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Hsp90 Alpha StressXpress® Human ELISA

  • Regulatory status:RUO
  • Type:Sandwich ELISA, Biotin-labelled antibody
  • Other names:Hsp86, Hsp89A, Hsp90A, Hsp90AA1, HspC1, HspCA, HsoCAL3
  • Species:Human
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Cat. No. Size Price


RSKT-107R 96 wells (1 kit)
PubMed Product Details
Technical Data

Type

Sandwich ELISA, Biotin-labelled antibody

Applications

Serum, Tissue extract, Cell lysate

Storage/Expiration

2–8°C

Calibration Curve

Calibration Range

28–0.44 ng/mL

Summary

Features

  • ELISA Kit is for the detection of human Hsp90α in cell lysates, tissue extracts, and serum samples
  • The total assay time is less than 4 hours

Research topic

Apoptosis, Oncology, Others

Summary

Hsp90 is a highly conserved and essential stress protein that is expressed in all eukaryotic cells. From a functional perspective, Hsp90 participates in the folding, assembly, maturation, and stabilization of specific proteins as an integral component of a chaperone complex (1-4). Despite its label of being a heat-shock protein, Hsp90 is one of the most highly expressed proteins in unstressed cells (1–2% of cytosolic protein). It carries out a number of housekeeping functions – including controlling the activity, turnover, and trafficking of a variety of proteins. Most of the Hsp90- regulated proteins that have been discovered to date are involved in cell signaling (5-6). The number of proteins now known to interact with Hsp90 is about 100. Target proteins include the kinases v-Src, Wee1, and c-Raf, transcriptional regulators such as p53 and steroid receptors, and the polymerases of the hepatitis B virus and telomerase(3). When bound to ATP, Hsp90 interacts with co-chaperones Cdc37, p23, and an assortment of immunophilin-like proteins, forming a complex that stabilizes and protects target proteins from proteasomal degradation. In most cases, Hsp90-interacting proteins have been shown to co-precipitate with Hsp90 when carrying out immune-oadsorption studies, and to exist in cytosolic heterocomplexes with it. In a number of cases, variations in Hsp90 expression or Hsp90 mutation has been shown to degrade signaling function via the protein or to impair a specific function of the protein (such as steroid binding, kinase activity) in vivo. Ansamycin antibiotics, such as geldanamycin and radicicol, inhibit Hsp90 function (7).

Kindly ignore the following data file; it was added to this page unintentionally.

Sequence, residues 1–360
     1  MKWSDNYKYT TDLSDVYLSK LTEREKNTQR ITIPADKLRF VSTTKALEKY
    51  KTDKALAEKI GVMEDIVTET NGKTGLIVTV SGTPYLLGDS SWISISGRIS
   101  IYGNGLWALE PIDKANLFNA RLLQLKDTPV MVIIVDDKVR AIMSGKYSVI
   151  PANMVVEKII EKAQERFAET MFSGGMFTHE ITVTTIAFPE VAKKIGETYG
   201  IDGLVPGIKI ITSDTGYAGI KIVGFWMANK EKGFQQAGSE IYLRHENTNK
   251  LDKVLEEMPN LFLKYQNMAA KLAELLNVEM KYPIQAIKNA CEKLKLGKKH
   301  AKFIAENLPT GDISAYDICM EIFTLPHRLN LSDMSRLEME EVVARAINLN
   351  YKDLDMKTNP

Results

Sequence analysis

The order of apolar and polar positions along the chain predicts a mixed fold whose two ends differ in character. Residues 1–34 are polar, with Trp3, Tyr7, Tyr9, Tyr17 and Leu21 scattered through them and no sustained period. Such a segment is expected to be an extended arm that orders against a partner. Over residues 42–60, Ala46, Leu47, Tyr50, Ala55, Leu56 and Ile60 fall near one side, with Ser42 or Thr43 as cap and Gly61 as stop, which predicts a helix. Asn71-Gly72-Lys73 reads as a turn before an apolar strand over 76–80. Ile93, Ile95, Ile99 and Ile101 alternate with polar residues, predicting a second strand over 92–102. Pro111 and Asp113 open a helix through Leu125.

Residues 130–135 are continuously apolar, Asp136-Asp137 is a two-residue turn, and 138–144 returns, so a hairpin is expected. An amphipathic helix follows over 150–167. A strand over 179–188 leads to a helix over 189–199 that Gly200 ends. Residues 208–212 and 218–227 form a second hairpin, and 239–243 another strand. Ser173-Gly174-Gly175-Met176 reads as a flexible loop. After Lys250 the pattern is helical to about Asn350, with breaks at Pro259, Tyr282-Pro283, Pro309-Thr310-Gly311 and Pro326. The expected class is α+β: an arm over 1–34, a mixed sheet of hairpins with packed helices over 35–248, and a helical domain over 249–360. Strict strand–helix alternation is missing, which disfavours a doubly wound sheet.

References to Product

References

  • Arlander S.J.H., et al. (2003) J Biol Chem 278: 52572-52577.
  • Neckers L, et al. (2002) Trends Mol Med 8:S55-S61.
  • Pearl H., et al. (2001) Adv Protein Chem 59: 157-186.
  • Pratt W., Toft D. (2003) Exp Biol Med 228:111-133.
  • Pratt W., Toft D. (1997) Endocr Rev 18: 306–360.
  • Pratt W.B. (1998) Proc Soc Exptl Biol Med 217: 420–434.
  • Whitesell L., et al. (1994) Proc Natl Acad Sci USA 91: 8324– 8328.
References to Summary

References to Heat Shock 90kDa Protein Alpha

  • Arlander SJ, Eapen AK, Vroman BT, McDonald RJ, Toft DO, Karnitz LM. Hsp90 inhibition depletes Chk1 and sensitizes tumor cells to replication stress. J Biol Chem. 2003 Dec 26;278 (52):52572-7
  • Neckers L. Hsp90 inhibitors as novel cancer chemotherapeutic agents. Trends Mol Med. 2002;8 (4 Suppl):S55-61
  • Pearl LH, Prodromou C. Structure, function, and mechanism of the Hsp90 molecular chaperone. Adv Protein Chem. 2001;59:157-86
  • Pratt WB. The hsp90-based chaperone system: involvement in signal transduction from a variety of hormone and growth factor receptors. Proc Soc Exp Biol Med. 1998 Apr;217 (4):420-34
  • Pratt WB, Toft DO. Regulation of signaling protein function and trafficking by the hsp90/hsp70-based chaperone machinery. Exp Biol Med (Maywood). 2003 Feb;228 (2):111-33
  • Pratt WB, Toft DO. Steroid receptor interactions with heat shock protein and immunophilin chaperones. Endocr Rev. 1997 Jun;18 (3):306-60
  • Whitesell L, Mimnaugh EG, De Costa B, Myers CE, Neckers LM. Inhibition of heat shock protein HSP90-pp60v-src heteroprotein complex formation by benzoquinone ansamycins: essential role for stress proteins in oncogenic transformation. Proc Natl Acad Sci U S A. 1994 Aug 30;91 (18):8324-8
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